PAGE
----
8. Angels: Jose Alberto Rivera, RHP (from Astros)
Rivera has one of the most interesting arms in the class. He's been used throughout his professional career in a multi-inning capacity, suggesting he should be able to serve as a true long reliever for the Angels. His fastball (which can touch triple digits) and his splitter are good enough to envision him becoming a seventh-inning type in due time. Still, it's unclear if a hopeful contender, like the Angels, will be able to roster Rivera for the entirety of a season.
9. Mets (traded to Pirates): Luis Oviedo, RHP (from Cleveland)
Oviedo went unpicked in last winter's Rule 5 Draft despite entering the 2019 season on prospecting radars. (He was considered a plausible No. 4 starter.) The main reason for Oviedo's slippage was lost velocity. He appears to be throwing hard again based on his work in winter ball, and so the Pirates tasked the Mets with taking him for them. His chances of sticking in Pittsburgh are anyone's guess, as it would be difficult to carry him and Soriano for a year.
Vest can be summed up as a Trackman pick. He's a short right-hander with a deceptive delivery and a carrying fastball. He appeared at three levels during the 2019 season, and he later had a stint in the Arizona Fall League. The Mariners, who traded half their bullpen to the Padres at the deadline, will presumably give him a real chance to make the Opening Day roster.
11. Phillies: Kyle Holder, SS (from Yankees)
Holder, the 30th pick in the 2015 draft, is a quality fielder who has enough arm for the left side. He's not much of a hitter, though, suggesting his ceiling is that of a spare infielder.
12. Giants: Dedniel Nunez, RHP (from Mets)
Nunez missed the second half of the 2019 season because of a shoulder injury. That doesn't much matter at this point, obviously, and the Giants took him on the strength of his high-spin fastball. The rest of Nunez's arsenal isn't particularly impressive, meaning San Francisco will have to hope that he can work some one-pitch magic if he's to stick around.
13. Marlins: Paul Campbell, RHP (from Rays)
Campbell is a legitimate back-end starter prospect thanks to an arsenal full of average or better offerings. His strikeout numbers have never matched his impressive spin rates, and he dealt with a forearm issue earlier in the year. The Marlins should provide him with a chance to stick in their bullpen for the time being, with an eye on moving back to the rotation in 2022.
14. Cubs: Gray Fenter, RHP (from Orioles)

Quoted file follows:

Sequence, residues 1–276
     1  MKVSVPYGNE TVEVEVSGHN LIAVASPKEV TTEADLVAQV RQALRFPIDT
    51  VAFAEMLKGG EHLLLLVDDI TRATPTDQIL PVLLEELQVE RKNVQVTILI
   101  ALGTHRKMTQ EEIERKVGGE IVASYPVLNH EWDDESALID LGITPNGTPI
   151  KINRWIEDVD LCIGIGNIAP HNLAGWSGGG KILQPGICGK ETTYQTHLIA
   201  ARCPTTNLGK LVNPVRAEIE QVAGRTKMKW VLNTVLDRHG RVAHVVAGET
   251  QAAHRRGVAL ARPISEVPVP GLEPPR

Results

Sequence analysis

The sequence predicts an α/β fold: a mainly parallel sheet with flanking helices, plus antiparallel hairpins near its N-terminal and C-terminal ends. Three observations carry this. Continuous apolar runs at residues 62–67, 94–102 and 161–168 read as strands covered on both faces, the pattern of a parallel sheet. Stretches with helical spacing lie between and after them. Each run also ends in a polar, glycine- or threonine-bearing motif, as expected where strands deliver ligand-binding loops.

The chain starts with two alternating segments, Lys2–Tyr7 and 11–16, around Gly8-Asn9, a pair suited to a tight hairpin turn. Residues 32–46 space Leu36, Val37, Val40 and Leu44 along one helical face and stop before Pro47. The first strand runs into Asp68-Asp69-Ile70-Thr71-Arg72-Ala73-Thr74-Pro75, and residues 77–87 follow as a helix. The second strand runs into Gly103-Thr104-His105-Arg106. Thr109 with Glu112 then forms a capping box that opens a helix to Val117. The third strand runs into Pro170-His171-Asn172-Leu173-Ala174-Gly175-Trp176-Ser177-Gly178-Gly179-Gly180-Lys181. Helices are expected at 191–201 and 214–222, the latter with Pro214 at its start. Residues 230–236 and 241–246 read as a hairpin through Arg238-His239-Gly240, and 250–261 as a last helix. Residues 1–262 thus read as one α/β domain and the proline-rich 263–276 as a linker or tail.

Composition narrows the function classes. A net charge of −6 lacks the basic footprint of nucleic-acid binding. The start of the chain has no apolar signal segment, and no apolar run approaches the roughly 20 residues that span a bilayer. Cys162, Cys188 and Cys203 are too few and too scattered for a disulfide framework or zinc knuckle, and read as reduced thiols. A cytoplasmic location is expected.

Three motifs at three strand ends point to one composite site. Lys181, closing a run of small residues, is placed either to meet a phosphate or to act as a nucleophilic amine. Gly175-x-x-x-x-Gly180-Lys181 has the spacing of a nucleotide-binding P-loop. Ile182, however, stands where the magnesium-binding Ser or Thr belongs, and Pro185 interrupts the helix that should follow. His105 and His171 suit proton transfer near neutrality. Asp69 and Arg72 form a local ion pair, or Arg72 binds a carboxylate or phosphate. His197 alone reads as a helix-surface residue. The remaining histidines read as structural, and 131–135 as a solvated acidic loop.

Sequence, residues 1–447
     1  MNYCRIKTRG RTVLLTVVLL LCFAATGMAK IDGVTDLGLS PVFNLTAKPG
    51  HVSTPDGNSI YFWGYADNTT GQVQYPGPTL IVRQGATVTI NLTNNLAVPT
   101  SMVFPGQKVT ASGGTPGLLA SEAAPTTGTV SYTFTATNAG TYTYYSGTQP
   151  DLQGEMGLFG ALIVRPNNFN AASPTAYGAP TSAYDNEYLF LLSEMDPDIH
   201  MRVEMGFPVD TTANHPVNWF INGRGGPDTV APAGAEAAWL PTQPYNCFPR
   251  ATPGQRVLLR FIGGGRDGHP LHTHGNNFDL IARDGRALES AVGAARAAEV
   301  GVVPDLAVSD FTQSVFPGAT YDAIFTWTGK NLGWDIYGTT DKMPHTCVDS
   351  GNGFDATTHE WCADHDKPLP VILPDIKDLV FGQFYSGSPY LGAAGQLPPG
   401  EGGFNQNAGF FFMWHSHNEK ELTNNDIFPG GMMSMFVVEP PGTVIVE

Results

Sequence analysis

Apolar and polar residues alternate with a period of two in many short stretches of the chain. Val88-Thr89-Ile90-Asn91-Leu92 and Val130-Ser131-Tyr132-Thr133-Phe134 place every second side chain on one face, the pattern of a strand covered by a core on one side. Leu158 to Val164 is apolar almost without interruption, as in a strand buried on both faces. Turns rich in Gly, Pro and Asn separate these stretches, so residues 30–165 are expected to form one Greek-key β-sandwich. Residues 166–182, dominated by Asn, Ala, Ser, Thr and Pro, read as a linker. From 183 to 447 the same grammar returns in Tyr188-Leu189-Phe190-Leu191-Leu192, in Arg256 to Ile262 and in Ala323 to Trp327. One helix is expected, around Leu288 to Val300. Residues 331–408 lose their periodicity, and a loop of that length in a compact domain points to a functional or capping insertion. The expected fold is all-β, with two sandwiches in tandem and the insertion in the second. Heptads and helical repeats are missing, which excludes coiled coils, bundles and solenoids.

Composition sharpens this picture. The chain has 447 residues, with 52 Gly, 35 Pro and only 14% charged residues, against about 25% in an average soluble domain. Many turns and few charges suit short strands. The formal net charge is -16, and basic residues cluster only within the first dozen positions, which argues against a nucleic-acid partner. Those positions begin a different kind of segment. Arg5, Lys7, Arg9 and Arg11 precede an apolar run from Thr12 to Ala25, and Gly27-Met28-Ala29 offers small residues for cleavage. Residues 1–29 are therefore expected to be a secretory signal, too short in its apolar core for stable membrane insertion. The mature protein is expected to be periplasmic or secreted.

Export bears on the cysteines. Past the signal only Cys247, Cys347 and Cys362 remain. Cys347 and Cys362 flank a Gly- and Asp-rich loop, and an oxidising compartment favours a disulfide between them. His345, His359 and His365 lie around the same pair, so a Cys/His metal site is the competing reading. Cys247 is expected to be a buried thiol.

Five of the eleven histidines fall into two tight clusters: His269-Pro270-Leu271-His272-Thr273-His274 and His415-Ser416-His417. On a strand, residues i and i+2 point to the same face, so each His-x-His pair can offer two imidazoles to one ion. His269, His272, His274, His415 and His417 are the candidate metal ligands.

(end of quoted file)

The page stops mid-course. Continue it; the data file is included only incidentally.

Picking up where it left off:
Fenter is a small, if physical right-hander with an above-average fastball-breaking ball combination. He's never pitched at a level higher than Class-A and he's issued a few too many walks for anyone's comfort. The rebuilding Cubs will likely use Fenter in relief this season; there is a chance, though a slim one, that they could end up getting a back-end starter out of this pick.
15. Cleveland: Trevor Stephan, RHP (from Yankees)
Stephan might be the one pitcher in the class who can benefit the most from moving to a new organization. Cleveland is likely to throw him in the bullpen (something the Yankees had resisted doing), where his high-spin fastball and sweeping slider can play against big-league hitters. Stephan's starting past could make him an interesting multi-inning candidate, too.
All Tom has done as a professional is hit. In 2019, he posted a .290/.380/.532 slash line between Double- and Triple-A. Alas, Tom isn't going to offer that much power in the majors (he's listed at 5-foot-9) and he isn't considered a good athlete. He deserves the opportunity to see if scouts are just wrong about his ability to.
17. Orioles: Tyler Wells, RHP (from Twins)
Yet another Tommy John surgery recipient, Wells hasn't pitched in a regular-season contest since 2018. The Orioles ostensibly like how his height (6-foot-8) and high-three-quarters arm slot give him an extreme release point, thereby allowing his fringe-to-average stuff to play better than it should on paper.
18. Athletics: Dany Jimenez, RHP (from Blue Jays)
Jimenez was selected in last year's Rule 5 Draft by the Giants. He made a pair of big-league appearances with San Francisco before being returned in early August. He has an above-average fastball-slider combination, but it seems unlikely that he sticks on a contender's roster.